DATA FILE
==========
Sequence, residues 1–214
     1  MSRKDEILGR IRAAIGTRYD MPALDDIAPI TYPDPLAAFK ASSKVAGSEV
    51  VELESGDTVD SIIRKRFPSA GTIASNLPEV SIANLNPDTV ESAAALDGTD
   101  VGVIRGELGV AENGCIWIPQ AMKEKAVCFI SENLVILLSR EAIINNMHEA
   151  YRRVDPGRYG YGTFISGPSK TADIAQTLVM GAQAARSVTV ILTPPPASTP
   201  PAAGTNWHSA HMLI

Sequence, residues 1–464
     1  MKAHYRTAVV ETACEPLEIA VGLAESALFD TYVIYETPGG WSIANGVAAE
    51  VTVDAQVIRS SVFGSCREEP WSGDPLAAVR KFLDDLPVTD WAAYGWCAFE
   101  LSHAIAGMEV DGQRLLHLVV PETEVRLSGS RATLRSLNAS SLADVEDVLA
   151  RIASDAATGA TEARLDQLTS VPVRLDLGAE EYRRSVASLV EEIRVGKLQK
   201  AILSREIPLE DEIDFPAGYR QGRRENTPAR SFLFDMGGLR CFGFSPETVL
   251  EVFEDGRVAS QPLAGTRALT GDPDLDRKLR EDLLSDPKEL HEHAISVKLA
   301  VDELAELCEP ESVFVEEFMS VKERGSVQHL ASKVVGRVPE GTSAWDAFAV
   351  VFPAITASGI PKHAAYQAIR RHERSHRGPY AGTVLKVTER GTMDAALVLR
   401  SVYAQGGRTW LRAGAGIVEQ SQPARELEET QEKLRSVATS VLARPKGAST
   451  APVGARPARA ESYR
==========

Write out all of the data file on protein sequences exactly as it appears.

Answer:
Sequence, residues 1–214
     1  MSRKDEILGR IRAAIGTRYD MPALDDIAPI TYPDPLAAFK ASSKVAGSEV
    51  VELESGDTVD SIIRKRFPSA GTIASNLPEV SIANLNPDTV ESAAALDGTD
   101  VGVIRGELGV AENGCIWIPQ AMKEKAVCFI SENLVILLSR EAIINNMHEA
   151  YRRVDPGRYG YGTFISGPSK TADIAQTLVM GAQAARSVTV ILTPPPASTP
   201  PAAGTNWHSA HMLI

Sequence, residues 1–464
     1  MKAHYRTAVV ETACEPLEIA VGLAESALFD TYVIYETPGG WSIANGVAAE
    51  VTVDAQVIRS SVFGSCREEP WSGDPLAAVR KFLDDLPVTD WAAYGWCAFE
   101  LSHAIAGMEV DGQRLLHLVV PETEVRLSGS RATLRSLNAS SLADVEDVLA
   151  RIASDAATGA TEARLDQLTS VPVRLDLGAE EYRRSVASLV EEIRVGKLQK
   201  AILSREIPLE DEIDFPAGYR QGRRENTPAR SFLFDMGGLR CFGFSPETVL
   251  EVFEDGRVAS QPLAGTRALT GDPDLDRKLR EDLLSDPKEL HEHAISVKLA
   301  VDELAELCEP ESVFVEEFMS VKERGSVQHL ASKVVGRVPE GTSAWDAFAV
   351  VFPAITASGI PKHAAYQAIR RHERSHRGPY AGTVLKVTER GTMDAALVLR
   401  SVYAQGGRTW LRAGAGIVEQ SQPARELEET QEKLRSVATS VLARPKGAST
   451  APVGARPARA ESYR